Saturday, July 24, 2004

Riding Giants

As I've noted previously, George has a habit of seeing one movie per year. This year, he selected Riding Giants, which he, Martin and I went to see last night at the Landmark Bethesda Row theater. Martin and George have a bit more familiarity with surfing (the subject of the movie) than I do, given that they have, well, surfed.

We walked into the theater just as the trailer for Maria, Full of Grace was playing. It's in Spanish, and it's about a 17-year-old from Colombia who is a drug courier. I'm really not sure what the expected audience overlap is between that and a surfing movie. That was followed by a trailer for Danny Deckchair, a movie about a guy who goes up in the air in lawn furniture. It seemed both better and worse than you'd think, if that makes any sense.

"Riding Giants" focused on the sport (pursuit?) of "big wave surfing". They said it often enough during them movie that it seemed to become one word -- bigwavesurfing. I eventually realized (remember, I'm the one not entirely familiar with surfing) that there were (at least) two types of surfing -- bigwavesurfing and "performance surfing," which was mentioned once, briefly. Bigwavesurfing centers around riding really big waves. "Riding Giants" covered the subject from the pioneers in the 1950s to the advent of "tow-in" surfing in the 1990s. The hardest part of surfing a big wave is catching it, and by towing the surfers in with a jet ski, they can ride much bigger waves than anyone ever imagined.

The part from the 1950s involved old home movies, and it was an interesting glimpse into a long-gone era of surfing -- evidently Gidget was soon to cause surfing to explode in popularity. The part from the 1990s started out technically interesting. But as you can imagine, catching bigger and bigger waves gets more and more dangerous as you wipe out, and the movie contained a lot of surfers ruminating on the Nature of Death and the Nature of Danger. That dragged a bit.

Martin commented that the director's previous effort, Dogtown and Z-Boys had the advantage that skateboarders don't risk their lives as much as surfers, so it was lower on the pretention scale. Afterwards, though, I remembered my visit to an exhibition of skateboarding photographs, which imposed a really highfalutin political ideology on skateboarding. So I guess you're never quite safe...

Monday, July 19, 2004

Mayan Madness

Christina and I went to the Mayan art exhibit at the National Gallery on Saturday. If you're interested in that, I recommend that you read her post on the subject.

After we saw the exhibit, she bought me Maya Madness, a game. On Sunday, the gaming crew used it as an opening game. It's a fairly straightforward game. Everybody gets a secret number. Then you play cards, ranging from +5 to -5, in an attempt to move the running "count" to your secret number. If you are the first to do it five times, you win. There are a few other types of cards that allow you to skip another player, reset the count to zero, or make the count negative (and reverse the order of play). I think the most suprising thing is that the count would end up in the negative twenties, despite the fact that all the target numbers were positive.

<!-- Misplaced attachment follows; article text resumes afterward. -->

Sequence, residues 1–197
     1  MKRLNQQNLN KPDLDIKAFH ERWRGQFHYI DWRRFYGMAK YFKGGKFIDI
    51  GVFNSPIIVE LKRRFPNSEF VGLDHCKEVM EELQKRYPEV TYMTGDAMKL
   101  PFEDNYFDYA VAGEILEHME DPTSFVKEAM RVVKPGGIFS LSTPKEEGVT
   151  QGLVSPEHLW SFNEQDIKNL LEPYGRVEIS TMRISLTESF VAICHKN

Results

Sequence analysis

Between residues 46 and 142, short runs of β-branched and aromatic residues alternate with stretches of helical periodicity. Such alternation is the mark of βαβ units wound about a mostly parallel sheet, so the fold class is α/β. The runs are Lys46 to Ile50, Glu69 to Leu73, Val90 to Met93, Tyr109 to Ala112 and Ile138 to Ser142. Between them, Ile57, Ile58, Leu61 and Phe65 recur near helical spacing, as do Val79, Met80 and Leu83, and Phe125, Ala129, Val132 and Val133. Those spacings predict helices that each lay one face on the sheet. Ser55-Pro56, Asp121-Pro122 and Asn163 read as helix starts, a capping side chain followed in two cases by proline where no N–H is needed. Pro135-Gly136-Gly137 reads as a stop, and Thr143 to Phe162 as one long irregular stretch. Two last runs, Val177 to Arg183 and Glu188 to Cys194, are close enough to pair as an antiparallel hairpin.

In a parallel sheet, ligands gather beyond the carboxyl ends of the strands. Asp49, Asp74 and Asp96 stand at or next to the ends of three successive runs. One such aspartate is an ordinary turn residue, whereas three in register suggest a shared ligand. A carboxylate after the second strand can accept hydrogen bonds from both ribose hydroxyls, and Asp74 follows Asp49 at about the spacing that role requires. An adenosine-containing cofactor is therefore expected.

It's a pretty good game to start out, since there's not a lot of skill involved, and with the rule that the winner picks the next game, it gives everyone a more or less equal chance. It's also pretty quick.

Ben won that game, and selected for the next game Bohnanza, a game that I had picked up on Friday at Hobby Works. It's a card game based on collecting sets of bean cards and redeeming them for "gold". There are a few twists that help make it interesting -- you're forced to "plant" the beans in a limited number of spaces, so sometimes you have to throw away cards you want to plant other cards. Also, you're not allowed to rearrange your hand. You can avoid this by trading away cards. In the end, I finished 1 gold ahead of Ben and Doug, and 2 ahead of Paul. It was a very close game.

I selected Robo Rally for our next game, specifically Random Robo Rally. We ended up with only the Cannery Row board, six flags and the "Hidden Flags" variant. It was a very violent game -- Ben touched flag six a few phases before I would have lost my last robot. Paul got to flag five, and Doug to flag four. I had only recently touched the second flag, but got toasted trying to interfere with Ben's victory.

Ben selected the Buffy the Vampire Slayer game. It seemed like a good week for that, since George wasn't there, and he usually vetoes it. Let me summarize the game from my perspective. I controlled Oz and Xander. Oz ran over to the corner, failed to pick up the artifact, turned into a werewolf, attacked Adam (the main bad guy), then got killed. Xander ran over to the corner, failed to pick up the artifact about six times (in theory, these were 50/50 shots I was missing), finally picked up the artifact and found out that it was really lame. Using the artifact, I attempted to destroy the artifact, but I failed, despite having a 75/25 shot. Then Buffy died, and the game was over, leaving Ben (playing Evil), once again, the victor.

We played a couple of more games of Maya Madness to round out the evening.